• Majorly flexible hours are already a given. Apr 21, 2016 at 18:13
  • I buy your argument that demanding a huge payoff isn't a great idea. I tend to be very utilitarian but I can see how somebody would find that offensive. Apr 21, 2016 at 18:41

You are a student, which means your schoolwork is your priority, and your boss should understand that. Just be honest and explain that you have a very tough semester coming up, and you don't think you will be able to devote all of the time he wants. There shouldn't be any hard feelings or burned bridges. Interns will go back to school - that's how they work.

Perhaps you might be willing to accept if he understands that you will need a flexible schedule and might need to drop hours as the semester goes on. You said that hours are already flexible, which is great, but being able to move hours from one week to the next is not good enough. You need the ability to stop working all together if need be. As Myles commented, "In a bad semester you may have a full month where you risk burnout by working." Don't make matters worse by having a work schedule that can't be changed to meet your needs.

As for asking for a pay raise, I think this would be a bad idea. Not because it would look bad to your boss, but because you should be considering whether you can do the internship based on time commitment, not pay grade. If your boss agrees to pay you more, you will feel obligated to spend more time and energy at the internship, possibly at the expense of your research and coursework. Internships are important, but you have more to lose from a bad semester than to gain from an extended part-time internship.

First determine whether you have the ability to work part-time and still do well in your classes. If you are absolutely certain you can pull it off, then you can consider whether you want that pay raise or not. Again, honesty is your best policy here. Just explain that you have a very full semester already, and you need to a raise to make the internship worth spending your already limited time and energy. I would still certainly still require flexible hours, because you never know how the next few months will treat you.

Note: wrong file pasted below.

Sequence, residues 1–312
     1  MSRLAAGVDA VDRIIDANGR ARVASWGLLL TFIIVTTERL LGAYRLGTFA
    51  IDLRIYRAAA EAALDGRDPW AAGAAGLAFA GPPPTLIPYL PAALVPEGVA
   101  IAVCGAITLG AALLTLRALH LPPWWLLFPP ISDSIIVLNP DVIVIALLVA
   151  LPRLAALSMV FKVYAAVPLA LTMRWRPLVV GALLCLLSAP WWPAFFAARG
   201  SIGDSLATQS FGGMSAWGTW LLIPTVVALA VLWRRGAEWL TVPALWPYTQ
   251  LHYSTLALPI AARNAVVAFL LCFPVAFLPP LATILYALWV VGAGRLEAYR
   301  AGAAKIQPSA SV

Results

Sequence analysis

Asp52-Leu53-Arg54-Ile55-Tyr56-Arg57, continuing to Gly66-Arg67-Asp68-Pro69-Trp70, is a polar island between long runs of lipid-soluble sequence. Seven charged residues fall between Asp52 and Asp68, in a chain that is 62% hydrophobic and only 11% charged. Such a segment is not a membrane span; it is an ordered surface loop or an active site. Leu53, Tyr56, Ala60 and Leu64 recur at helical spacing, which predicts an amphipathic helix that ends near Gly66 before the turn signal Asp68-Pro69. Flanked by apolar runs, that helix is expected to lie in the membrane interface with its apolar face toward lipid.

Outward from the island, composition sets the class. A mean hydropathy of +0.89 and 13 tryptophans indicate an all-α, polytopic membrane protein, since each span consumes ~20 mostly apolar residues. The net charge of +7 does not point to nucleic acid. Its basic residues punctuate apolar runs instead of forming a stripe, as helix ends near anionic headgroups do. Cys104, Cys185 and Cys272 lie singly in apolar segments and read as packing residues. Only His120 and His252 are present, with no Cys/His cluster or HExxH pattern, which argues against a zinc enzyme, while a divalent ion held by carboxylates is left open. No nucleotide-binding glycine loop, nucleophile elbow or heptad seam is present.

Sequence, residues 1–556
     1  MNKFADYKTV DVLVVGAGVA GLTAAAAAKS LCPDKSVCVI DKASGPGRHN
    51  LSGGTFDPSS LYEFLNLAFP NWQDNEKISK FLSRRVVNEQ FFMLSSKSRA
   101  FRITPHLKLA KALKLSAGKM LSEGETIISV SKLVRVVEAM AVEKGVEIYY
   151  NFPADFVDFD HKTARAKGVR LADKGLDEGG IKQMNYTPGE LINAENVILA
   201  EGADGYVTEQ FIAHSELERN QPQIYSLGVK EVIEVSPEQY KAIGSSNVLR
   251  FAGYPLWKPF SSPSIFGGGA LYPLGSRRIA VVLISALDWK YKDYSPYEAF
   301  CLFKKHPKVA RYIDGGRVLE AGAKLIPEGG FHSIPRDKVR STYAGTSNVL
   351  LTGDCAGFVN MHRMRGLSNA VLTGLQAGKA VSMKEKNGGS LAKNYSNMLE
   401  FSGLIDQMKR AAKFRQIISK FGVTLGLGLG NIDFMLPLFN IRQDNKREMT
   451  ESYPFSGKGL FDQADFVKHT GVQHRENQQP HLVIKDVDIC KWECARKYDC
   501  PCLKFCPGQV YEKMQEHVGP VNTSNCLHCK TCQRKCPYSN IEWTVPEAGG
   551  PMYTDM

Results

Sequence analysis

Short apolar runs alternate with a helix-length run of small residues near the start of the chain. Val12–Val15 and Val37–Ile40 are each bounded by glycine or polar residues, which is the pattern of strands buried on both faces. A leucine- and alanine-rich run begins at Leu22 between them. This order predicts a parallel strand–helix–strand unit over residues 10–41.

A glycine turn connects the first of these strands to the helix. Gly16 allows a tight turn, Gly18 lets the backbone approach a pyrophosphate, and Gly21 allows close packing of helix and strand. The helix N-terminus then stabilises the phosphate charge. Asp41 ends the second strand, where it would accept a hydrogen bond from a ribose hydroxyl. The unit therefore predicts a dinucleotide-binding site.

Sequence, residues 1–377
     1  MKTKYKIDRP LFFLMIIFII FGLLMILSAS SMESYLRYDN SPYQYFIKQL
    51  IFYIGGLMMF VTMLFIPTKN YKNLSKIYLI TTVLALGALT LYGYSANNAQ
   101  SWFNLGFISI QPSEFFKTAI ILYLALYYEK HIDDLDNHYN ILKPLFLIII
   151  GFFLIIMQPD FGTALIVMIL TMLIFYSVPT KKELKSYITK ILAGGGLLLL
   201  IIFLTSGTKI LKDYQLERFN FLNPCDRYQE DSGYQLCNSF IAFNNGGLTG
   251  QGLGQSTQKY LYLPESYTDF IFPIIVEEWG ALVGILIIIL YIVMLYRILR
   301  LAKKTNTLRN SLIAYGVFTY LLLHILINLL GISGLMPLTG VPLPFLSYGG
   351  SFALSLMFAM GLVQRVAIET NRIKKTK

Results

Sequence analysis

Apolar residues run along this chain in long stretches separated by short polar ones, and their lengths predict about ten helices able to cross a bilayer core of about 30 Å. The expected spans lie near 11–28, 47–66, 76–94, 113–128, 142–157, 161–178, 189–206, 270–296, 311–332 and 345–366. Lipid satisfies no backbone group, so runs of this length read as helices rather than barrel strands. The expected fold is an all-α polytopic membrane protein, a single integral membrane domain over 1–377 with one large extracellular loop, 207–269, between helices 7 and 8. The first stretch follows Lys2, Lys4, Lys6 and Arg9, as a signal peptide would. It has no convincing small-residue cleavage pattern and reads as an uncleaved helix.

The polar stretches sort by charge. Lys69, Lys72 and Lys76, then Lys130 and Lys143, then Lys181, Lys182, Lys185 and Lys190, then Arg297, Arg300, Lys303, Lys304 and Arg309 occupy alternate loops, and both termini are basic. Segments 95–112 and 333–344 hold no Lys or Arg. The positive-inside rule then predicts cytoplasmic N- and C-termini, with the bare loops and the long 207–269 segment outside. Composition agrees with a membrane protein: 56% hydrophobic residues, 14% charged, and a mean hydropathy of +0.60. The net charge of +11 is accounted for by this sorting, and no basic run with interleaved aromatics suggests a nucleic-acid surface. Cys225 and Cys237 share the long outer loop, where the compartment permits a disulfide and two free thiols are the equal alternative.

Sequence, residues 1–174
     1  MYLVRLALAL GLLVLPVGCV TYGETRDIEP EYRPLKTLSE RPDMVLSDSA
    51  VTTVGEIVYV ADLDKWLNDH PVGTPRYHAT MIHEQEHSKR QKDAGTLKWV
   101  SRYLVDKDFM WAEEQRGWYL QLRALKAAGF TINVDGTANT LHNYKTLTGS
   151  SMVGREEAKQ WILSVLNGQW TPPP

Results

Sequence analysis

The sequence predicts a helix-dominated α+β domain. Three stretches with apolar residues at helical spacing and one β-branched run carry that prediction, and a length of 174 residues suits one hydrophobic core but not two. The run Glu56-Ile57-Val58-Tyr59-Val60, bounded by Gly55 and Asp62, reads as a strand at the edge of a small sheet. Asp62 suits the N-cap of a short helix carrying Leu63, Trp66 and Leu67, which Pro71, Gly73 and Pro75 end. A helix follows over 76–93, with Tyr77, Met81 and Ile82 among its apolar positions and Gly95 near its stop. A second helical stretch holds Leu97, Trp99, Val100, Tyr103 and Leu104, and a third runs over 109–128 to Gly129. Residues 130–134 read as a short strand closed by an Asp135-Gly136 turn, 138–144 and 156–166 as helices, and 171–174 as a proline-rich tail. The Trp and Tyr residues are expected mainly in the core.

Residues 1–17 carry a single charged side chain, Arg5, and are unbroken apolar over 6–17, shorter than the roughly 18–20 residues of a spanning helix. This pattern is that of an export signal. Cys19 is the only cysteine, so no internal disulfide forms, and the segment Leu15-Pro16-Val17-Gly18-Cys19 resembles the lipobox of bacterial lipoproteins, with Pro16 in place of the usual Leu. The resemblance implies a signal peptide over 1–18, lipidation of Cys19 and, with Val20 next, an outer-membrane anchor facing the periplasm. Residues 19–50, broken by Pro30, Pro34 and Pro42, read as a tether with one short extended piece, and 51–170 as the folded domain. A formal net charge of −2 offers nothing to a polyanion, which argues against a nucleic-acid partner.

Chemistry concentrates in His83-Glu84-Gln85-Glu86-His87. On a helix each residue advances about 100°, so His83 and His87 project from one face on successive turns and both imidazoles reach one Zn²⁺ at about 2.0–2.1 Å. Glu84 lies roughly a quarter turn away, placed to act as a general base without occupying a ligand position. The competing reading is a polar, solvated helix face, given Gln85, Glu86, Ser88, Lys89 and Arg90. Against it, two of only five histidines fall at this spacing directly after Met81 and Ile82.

• Flexible hours are already a given. Apr 21, 2016 at 18:12
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    @DanielPaczuskiBak Are the amount of hours you work per week flexible, or just which hours you work in a week? I think both are important in this situation.
    – David K
    Apr 21, 2016 at 18:17
  • I think that as long as I make up for lost hours in one week in another week, everything's good. Apr 21, 2016 at 18:17
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    @DanielPaczuskiBak That's good, but I also think the ability to drop hours entirely is good too. You may start at 20 hrs/week but find that you can't keep that up and need to drop down to 10/week.
    – David K
    Apr 21, 2016 at 18:22
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    @DanielPaczuskiBak Given that this is a very difficult semester you probably want to negotiate much more flexibility than being able to make up hours the next week. In a bad semester you may have a full month where you risk burnout by working.
    – Myles
    Apr 21, 2016 at 18:32